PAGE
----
If you’re painting in a medium that will require brush cleaner to get it out of your brushes, by all means, make sure you have ample supply ready, along with some jars and a good sink handy – before you start working. Wash your brushes right after finishing your work – or even if you plan to come back later – so they’re not ruined (leaving them in there bends the hairs). It’s so much cheaper than replacing them.
If you’re working in a clay that needs to dry slowly and evenly, make sure first that you have some plastic to wrap your work-in-progress or finished work awaiting the kiln, so that it doesn’t crack and then explode in the kiln. If you’re sculpting in plaster but can’t finish building up the form in one session, be sure you have a vessel large enough to soak the entire piece in before you add more plaster to it, or the existing dry plaster will suck all the water out of the second coat and prevent adhesion. If your sculpture needs an armature to give it strength, make sure it’s not made of metal that will rust from the plaster’s moisture or wood that will rot of it, or use a tested method of sealing the skeleton first, lest your sculpture stain or fail.
You know…stuff like that.
Being prepared also means avoiding health issues while working in many media: understand the dangers of whatever you’re using. If you want to airbrush, never use acrylic without a full respirator and a strong ventilation system near the application site. Sprayed acrylic is the only form in which it is toxic – this is because it breaks down into polymers that are so fine that when they are inhaled they clog up the lungs – forever – like black lung disease suffered by miners. It is far preferable to use gouache or enamels, and still with the respirator and the ventilation, by the way. If you’re using some form of permanent glue, be prepared with a solvent just in case some of your own parts take an unexpected liking to each other. If you’re working in oils you need ventilation, too, because things like turpentine are very bad things to breathe. Spray paint should obviously be used with the same precautions as airbrushing. Read all cautions with each product and tool you utilize.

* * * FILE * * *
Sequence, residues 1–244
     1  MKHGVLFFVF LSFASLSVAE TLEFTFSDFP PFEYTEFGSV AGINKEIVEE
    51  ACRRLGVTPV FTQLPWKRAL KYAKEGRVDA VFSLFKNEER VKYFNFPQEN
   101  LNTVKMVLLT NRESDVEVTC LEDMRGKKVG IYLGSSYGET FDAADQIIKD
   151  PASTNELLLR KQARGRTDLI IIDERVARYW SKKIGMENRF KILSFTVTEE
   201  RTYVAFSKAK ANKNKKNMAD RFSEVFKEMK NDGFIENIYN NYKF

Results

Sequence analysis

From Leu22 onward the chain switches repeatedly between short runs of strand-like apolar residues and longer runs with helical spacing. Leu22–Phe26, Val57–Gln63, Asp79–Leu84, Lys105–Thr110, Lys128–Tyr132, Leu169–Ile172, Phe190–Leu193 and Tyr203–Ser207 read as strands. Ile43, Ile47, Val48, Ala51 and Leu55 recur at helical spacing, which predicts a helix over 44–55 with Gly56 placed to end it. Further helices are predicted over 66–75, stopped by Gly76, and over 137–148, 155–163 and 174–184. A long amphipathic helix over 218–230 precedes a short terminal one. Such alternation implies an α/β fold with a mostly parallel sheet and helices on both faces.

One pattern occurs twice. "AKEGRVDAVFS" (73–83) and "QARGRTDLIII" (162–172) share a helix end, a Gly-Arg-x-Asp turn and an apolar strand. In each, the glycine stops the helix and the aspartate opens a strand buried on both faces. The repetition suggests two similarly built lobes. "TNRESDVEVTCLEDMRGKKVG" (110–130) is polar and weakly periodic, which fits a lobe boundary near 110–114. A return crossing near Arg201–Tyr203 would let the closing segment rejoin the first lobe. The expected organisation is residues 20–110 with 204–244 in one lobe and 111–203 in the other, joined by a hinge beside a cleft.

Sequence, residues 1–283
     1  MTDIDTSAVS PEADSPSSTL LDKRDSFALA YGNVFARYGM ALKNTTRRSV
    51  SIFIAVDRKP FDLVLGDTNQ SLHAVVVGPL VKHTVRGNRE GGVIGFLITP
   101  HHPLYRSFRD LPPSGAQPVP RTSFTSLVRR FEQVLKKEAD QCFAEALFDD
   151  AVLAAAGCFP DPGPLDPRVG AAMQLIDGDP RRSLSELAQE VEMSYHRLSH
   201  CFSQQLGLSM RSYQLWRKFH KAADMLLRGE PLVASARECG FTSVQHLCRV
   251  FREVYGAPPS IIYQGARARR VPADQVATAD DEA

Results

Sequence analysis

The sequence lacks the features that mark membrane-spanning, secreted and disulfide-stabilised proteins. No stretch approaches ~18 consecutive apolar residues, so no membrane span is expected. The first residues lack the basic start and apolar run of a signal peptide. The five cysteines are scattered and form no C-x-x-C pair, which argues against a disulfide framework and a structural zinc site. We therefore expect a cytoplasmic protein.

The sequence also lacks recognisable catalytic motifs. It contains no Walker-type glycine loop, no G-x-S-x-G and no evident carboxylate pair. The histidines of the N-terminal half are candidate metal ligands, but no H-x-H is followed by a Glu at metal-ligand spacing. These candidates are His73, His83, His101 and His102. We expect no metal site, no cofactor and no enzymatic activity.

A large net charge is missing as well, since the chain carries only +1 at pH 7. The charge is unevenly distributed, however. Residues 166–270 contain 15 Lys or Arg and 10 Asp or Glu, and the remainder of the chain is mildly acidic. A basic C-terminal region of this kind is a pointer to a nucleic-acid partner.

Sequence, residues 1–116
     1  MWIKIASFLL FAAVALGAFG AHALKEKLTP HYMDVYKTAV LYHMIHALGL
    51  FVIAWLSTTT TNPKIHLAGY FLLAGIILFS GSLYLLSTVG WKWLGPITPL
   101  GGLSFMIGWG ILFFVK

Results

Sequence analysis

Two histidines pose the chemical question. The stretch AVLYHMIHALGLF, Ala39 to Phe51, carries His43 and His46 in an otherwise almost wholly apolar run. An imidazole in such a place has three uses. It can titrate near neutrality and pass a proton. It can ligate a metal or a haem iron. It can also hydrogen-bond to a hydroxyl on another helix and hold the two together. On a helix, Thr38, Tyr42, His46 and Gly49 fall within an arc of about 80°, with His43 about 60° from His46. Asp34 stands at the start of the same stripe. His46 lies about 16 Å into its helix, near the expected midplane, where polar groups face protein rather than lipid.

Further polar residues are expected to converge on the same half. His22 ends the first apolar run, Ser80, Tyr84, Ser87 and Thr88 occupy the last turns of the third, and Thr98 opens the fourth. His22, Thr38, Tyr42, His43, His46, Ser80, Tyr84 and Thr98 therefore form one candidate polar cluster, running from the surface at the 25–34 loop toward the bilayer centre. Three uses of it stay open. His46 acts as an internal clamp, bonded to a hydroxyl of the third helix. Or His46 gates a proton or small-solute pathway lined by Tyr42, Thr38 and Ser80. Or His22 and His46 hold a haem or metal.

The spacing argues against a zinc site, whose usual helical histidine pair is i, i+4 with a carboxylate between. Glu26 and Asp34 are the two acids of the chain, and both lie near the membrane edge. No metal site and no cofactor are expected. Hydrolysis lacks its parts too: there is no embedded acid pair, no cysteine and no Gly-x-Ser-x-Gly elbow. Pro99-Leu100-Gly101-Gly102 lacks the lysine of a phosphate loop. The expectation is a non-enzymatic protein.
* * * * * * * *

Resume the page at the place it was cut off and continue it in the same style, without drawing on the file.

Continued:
I have actually seen a coworker drill a hole through his own thumb because he thought a few seconds was too long to clamp his work down instead of holding it. As much as the image sticks in my mind, I’m sure the victim has a daily reminder the rest of his life. Always secure/guide your work when using tools! Never put yourself in harm’s way; the price you pay may be permanent. Sometimes the ounce of prevention is preferable because there IS no cure.
Feel free to use the Contact form if you have other specific questions, or do a few detailed searches online or consult with qualified experts. Your best tool is common sense. If you don’t know about something, then knowing how to find out – and using that information properly – is the key to success.
Be careful out there!